At the district level (as at the school level), the more parents who support your advocacy work, the better. (Keep in mind that not all parents will actually work with you, but can still support what you’re advocating.) As you meet parents, ask their permission to include their information on your contact list, and send them petitions, newsletters, and notices of meetings, demonstrations, and educational programs. Ask them to write letters to the editor of your local paper, or to town and school officials, including Board of Education members who may be elected and therefore must answer to voters.
Many school systems have a district-level PTA/PTO. Its members are committed to volunteering and giving back to the district. A district PTA/PTO may have funds to support programs, the necessary connections to school administrators to facilitate initiatives, and the ability to form new parent groups. See if your district’s PTA/PTO has a representative on a Wellness Committee, has its own wellness/nutrition/fitness/school-garden standing committees, and/or funds wellness/nutrition/fitness programming.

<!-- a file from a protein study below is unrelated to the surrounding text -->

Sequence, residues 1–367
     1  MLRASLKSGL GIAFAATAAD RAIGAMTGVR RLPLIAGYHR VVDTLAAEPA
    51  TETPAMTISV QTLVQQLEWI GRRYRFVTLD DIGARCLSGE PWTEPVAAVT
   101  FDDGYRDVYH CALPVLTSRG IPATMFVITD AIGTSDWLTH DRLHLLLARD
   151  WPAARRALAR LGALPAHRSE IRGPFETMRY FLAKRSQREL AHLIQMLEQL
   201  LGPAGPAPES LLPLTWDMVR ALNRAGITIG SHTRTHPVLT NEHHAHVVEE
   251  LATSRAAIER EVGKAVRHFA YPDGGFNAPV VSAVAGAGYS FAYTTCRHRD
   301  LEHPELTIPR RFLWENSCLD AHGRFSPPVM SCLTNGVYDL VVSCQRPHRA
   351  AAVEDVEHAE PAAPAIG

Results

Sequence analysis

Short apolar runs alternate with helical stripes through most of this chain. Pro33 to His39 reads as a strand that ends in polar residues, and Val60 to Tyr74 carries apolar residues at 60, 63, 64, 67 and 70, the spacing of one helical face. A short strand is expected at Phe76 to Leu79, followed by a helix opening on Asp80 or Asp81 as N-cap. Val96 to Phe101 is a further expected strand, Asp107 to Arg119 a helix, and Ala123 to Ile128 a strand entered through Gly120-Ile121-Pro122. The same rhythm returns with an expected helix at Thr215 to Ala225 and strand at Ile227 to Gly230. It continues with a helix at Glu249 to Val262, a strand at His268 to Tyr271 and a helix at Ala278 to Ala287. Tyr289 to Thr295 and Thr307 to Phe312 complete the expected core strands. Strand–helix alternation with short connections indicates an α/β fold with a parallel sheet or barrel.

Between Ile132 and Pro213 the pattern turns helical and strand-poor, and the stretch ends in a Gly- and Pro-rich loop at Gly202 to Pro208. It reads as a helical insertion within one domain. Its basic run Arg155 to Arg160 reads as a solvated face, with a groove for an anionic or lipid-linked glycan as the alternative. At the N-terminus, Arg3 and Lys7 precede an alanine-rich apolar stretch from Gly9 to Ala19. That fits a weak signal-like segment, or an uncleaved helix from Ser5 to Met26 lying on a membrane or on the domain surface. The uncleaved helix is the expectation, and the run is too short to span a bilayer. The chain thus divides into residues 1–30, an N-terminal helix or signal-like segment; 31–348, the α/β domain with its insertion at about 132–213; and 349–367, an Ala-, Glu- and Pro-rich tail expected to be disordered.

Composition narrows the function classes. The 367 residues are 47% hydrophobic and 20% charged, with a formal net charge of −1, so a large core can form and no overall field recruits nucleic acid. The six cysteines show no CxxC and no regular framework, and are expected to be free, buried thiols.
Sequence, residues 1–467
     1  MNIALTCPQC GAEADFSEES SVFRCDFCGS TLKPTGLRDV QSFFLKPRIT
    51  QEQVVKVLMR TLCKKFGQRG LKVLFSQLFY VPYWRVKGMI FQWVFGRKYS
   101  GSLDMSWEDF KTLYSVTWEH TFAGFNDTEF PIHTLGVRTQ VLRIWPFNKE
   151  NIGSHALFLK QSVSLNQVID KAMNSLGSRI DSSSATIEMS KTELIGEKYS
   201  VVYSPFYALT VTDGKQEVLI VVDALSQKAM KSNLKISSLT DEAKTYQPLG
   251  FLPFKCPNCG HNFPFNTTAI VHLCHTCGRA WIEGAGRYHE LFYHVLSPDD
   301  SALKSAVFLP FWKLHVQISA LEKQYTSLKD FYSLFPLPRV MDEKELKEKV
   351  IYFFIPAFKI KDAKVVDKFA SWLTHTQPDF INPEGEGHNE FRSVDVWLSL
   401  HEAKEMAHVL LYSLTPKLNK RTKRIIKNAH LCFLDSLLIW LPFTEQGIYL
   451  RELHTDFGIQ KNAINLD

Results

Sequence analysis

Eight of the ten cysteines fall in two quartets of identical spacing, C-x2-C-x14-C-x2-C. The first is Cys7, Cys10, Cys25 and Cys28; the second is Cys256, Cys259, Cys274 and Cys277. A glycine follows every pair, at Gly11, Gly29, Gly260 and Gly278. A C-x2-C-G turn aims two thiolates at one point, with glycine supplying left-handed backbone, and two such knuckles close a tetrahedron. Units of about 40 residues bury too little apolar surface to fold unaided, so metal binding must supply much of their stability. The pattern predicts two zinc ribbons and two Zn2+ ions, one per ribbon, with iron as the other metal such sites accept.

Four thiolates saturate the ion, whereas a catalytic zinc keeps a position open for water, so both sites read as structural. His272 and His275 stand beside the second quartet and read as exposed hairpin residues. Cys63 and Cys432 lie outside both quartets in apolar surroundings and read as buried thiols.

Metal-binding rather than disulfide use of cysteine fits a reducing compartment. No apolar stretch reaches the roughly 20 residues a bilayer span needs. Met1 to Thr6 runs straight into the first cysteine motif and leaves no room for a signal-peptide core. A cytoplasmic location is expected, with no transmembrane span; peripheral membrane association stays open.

Some districts have a Wellness Committee that oversees the implementation and enforcement of the wellness policy and other health initiatives. Other districts may have a group that specifically works with the Food Services Department. Find out who the members are, where they are in the district’s hierarchy, and whether parents are invited to participate.
In some states, local pediatricians are assigned to a school district as the primary medical advisor. If your district has a consulting pediatrician, s/he may be a natural ally and may also be a member of the American Academy of Pediatrics, which is a strong advocate for better nutrition in schools.
Food Services Director